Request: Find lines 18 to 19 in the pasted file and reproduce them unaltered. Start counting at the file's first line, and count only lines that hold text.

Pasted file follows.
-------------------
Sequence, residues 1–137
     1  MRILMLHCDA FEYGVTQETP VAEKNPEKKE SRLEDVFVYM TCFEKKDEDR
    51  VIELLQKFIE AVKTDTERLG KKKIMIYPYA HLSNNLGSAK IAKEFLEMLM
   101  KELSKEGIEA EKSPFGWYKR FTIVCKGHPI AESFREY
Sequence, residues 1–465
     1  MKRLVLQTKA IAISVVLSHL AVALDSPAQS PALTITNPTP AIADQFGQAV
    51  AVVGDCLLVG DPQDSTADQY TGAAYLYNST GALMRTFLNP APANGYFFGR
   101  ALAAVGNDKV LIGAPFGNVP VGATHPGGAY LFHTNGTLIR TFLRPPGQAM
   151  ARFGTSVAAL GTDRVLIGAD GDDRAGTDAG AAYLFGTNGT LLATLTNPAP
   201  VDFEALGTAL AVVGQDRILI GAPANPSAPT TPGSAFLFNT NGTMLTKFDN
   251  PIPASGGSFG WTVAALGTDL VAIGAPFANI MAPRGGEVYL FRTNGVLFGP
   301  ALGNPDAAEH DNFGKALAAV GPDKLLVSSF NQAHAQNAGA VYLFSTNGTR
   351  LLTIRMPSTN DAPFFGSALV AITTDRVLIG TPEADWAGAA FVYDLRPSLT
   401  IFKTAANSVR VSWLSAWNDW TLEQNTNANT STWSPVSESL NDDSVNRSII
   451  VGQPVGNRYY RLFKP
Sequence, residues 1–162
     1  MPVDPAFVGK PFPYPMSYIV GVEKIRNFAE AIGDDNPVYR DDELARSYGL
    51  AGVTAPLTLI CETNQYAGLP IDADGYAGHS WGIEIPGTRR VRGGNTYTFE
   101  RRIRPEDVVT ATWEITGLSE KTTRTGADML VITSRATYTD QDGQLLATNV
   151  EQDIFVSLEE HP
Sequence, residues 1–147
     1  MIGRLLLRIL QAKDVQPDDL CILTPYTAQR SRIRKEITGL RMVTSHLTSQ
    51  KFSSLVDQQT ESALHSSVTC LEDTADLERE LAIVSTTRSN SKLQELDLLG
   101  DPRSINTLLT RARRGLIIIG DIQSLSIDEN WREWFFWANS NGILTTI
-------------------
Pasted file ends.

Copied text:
    51  AGVTAPLTLI CETNQYAGLP IDADGYAGHS WGIEIPGTRR VRGGNTYTFE
   101  RRIRPEDVVT ATWEITGLSE KTTRTGADML VITSRATYTD QDGQLLATNV